They burst into flames when heated and added to chlorine. It forms an alkali metal chloride.

What are halogens?

Elements in Group 7.

Why are they called halogens? (3 points)

1. They are very reactive non-metals.


2. They are all toxic or harmful.


3. They are never found free in nature because of their reactivity-only as compounds with metals.

What is the electron structure of halogens?

They have 7 electrons in their valence shell. This means that they form negative ions by gaining one more electron to have a full valence shell, and that they have similar chemical properties.

How do halogen molecules exist?

Halogen molecules only exist as diatomic molecules. They form covalent bonds with another atom to form a diatomic molecule.

General Properties of halogens?

1. Non-Metals


2. Brittle and crumble when solid


3. Poisonous and smelly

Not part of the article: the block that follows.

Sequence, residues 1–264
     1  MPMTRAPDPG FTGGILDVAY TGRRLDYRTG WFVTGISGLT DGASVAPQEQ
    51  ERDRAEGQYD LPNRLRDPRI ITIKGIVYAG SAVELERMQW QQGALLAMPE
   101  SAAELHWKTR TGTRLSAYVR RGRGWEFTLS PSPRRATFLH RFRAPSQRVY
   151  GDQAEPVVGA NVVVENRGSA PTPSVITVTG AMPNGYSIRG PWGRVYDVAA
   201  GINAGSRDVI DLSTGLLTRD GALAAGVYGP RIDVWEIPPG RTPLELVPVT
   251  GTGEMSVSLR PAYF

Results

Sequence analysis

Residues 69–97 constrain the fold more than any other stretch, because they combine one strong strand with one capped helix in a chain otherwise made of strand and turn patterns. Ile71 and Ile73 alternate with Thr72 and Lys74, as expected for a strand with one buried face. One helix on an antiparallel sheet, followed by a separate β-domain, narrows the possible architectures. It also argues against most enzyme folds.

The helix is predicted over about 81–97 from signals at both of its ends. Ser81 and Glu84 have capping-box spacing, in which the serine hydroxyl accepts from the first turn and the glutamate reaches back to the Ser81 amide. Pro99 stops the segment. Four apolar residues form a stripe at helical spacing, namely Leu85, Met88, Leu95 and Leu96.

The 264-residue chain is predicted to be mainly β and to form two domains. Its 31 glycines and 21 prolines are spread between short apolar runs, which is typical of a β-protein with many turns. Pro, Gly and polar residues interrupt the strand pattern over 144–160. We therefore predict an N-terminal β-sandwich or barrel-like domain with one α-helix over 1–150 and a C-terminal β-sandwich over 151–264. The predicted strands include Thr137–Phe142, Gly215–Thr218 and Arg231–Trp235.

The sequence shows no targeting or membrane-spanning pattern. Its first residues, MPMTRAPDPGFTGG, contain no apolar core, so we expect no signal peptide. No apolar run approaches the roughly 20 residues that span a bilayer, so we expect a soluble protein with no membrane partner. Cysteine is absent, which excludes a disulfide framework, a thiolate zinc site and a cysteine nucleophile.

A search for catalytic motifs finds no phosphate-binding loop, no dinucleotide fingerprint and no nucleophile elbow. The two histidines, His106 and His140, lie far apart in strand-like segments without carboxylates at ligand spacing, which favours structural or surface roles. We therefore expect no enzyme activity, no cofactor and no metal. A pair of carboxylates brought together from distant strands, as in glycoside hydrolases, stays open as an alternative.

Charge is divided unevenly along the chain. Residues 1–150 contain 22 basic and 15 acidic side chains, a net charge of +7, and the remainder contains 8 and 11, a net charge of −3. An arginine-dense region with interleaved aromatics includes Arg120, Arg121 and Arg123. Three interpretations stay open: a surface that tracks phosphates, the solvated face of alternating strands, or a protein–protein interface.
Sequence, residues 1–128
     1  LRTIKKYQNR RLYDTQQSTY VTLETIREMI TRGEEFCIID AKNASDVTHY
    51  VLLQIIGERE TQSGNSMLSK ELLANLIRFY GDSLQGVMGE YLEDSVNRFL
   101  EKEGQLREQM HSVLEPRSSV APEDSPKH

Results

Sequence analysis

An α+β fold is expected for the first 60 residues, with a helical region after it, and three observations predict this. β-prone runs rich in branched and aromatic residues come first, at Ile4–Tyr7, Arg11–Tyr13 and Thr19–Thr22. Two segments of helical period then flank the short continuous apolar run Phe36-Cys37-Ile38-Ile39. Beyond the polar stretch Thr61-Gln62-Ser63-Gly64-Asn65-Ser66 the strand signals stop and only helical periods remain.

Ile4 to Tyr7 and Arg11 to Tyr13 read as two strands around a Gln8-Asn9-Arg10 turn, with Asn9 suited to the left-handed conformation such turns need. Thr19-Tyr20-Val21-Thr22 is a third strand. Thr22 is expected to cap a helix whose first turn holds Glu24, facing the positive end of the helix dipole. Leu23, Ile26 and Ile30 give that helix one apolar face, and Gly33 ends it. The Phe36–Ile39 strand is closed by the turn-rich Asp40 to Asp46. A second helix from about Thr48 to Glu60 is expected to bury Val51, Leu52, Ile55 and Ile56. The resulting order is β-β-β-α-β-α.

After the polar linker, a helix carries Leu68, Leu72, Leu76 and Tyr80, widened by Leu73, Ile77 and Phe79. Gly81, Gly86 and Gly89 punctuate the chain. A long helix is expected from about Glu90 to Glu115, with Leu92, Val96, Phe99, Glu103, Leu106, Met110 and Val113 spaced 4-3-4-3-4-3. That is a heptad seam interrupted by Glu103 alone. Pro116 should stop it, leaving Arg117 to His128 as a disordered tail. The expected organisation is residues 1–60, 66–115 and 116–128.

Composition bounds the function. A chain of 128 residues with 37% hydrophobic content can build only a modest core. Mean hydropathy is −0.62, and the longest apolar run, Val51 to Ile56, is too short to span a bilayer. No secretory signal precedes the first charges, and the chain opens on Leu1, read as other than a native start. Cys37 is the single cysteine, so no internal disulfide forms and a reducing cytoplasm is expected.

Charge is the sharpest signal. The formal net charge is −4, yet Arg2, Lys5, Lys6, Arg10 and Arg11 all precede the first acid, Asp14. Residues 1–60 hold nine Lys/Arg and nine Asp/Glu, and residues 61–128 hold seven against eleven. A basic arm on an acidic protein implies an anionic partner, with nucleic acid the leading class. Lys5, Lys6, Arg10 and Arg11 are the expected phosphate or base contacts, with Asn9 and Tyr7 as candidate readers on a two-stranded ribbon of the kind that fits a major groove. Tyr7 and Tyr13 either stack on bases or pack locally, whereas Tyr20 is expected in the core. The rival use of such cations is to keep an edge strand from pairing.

4. Become darker in colour down the group

Halogen Vapours?

Bromine and iodine are not gasses, but have low boiling points. This means they make vapours at low temperatures. They are volatile.

How do halogens react with metals?

The reactivity of halogens means that they readily react with most metals. Halogens and metals react to form an ionic compound. They are known as metal halides, which are a type of salt.

What are halides?

When halogens react with another substance. their name changes slightly. The ending changes from "ine" to "ide".

What is the reactivity of halogens?

The reactivity of halogens decreases as you go down the group.